Hello everyone..Just touching base and to say thank you for your great comments.So far the meds are working fine and now, Im undetectable and was able to have surgery to removed the cancer cells, Im cancer free! Still adjusting mentally to the idea of taking this medications and my body trying to catch up but, all is well and great. Please stay tuned, I will be featured on a video series on adherence here at The Body, sometime on September..thanks again and please keep the good vibes coming..stay well,healthy, strong and most of all happy..regardless of whats going on, keep on smiling..Dee
Comment by: Lillian Colon
Sat., May. 21, 2011 at 10:35 am EDT
HIV sadly continues to spread. Research has made it possible to live with HIV for many years. I only hope that careless sex is not attributed to thr fact that meds are available. They are expensive, funding is limited, and taking meds daily is not fun.
Education must be reinforced. Our youth, and elderly continue to be infected daily. Please protect yourselves. $5.00 for a pack of condoms is less expensive than the $1000. + monthly cost of meds. Contrary to popular belief, funding is not limitless. PROTECT YOURSELVES. EVEN IF YOU ARE ALREADY HIV +, PROTECT YOURSELVES! Another person 's virus may be worse than yours and resistant to meds.
Comment by: Chevytexas
Sat., May. 14, 2011 at 10:54 pm EDT
It was amazing and gratifying to run across your interview; I've enjoyed hearing you before. I'm 60, HIV+ for 22 years and only this year had to consider meds. I had a brief fling waaay back when there was medical doctrine about keeping folks asymptomatic. I got poor results and some side effects from 90's meds. My great young MD monitors me and only this year decided that, based on my counts and health, to put me on Truvada to maintain my status, and Isentress. I'd been prepared, until I picked them up. My excellent insurance keeps them at $100/mo. each, instead of $1200 each. However it was this 'sticker shock' that made me realize I'll be maintaining this (there goes my meagre $2500 healthcare reimbursement account every year) probably until I die. That kinked up my rosy sense of longevity, even though I'm feeling fine. I was not prepared for the mental hurdle beginning medication would be. A long time ago, however, a therapist advised me of folks who'd felt terminal, spent their last dime and then lived on, and on, and on. I don't want to be that person; my ownership of my life includes mastery of this condition as well. A trio of pills each day is a small adjustment. A salute to you, and to the many of us who are just setting out on this journey.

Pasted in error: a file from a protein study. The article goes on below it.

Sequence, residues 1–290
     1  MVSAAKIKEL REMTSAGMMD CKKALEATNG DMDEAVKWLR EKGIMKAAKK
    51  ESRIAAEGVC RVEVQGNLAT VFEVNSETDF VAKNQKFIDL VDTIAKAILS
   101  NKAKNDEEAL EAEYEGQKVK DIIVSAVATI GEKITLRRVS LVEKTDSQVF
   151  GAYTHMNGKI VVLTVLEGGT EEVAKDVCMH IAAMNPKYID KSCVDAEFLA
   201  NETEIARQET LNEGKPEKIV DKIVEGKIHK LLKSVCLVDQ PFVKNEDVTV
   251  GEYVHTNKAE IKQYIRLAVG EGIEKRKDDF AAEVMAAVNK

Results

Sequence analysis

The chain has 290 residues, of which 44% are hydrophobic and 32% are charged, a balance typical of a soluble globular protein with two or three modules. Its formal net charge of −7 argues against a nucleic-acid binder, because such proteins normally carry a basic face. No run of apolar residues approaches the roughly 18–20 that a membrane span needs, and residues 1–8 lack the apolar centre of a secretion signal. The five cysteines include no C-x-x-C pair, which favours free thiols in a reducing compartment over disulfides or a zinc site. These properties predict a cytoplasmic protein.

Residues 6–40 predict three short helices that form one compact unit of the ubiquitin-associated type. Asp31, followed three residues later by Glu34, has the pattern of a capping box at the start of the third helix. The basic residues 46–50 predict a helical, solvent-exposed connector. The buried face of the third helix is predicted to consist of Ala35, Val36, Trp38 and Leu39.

Comment by: joe s
Fri., May. 13, 2011 at 10:38 am EDT
iam 61 years old i've been positve for almost 29years,i had to also get over cancer which has not come back through all of this my health has never been better.i always think positve and i thank god that am still here.to the people like mr.cruz keep the faith and exercise and eat healthy and find time to help others through stories like hers and mined.iam starting to writte a book so others can know that againts all odds si se puede yes!!! you can.
Comment by: marilyn
Wed., May. 4, 2011 at 1:04 pm EDT
thanks for sharing that I am in the sane position I do not want to take meds positve since 92 its hard to make a decision cd4 count in not real low at all but just struggling with the whole thing so agin thanks
Comment by: Gisele V-P
Wed., Apr. 27, 2011 at 9:30 am EDT
I'm a 53 year old widow with 3 adult children. I've had HIV for 27 years. With the exception of 2 very short trials, I have never taken anti-retro drugs. The side effects I experienced when I did try them we're just too harsh for me. So, I decided to let my body do as it does. I don't recommend that people do as I did. The treatment scene has changed so much and does provide longevity for many people. But back in the 80's, AZT was about all that was available and of course, the stigma that still persists, was only 3 times worse then. My life is one of perpetual surprise--wake up--still here. All I can do is count my blessings and educate. peace, Gisele
Comment by: Lhamo w.
(Broward County Florida)
Fri., Apr. 22, 2011 at 10:32 am EDT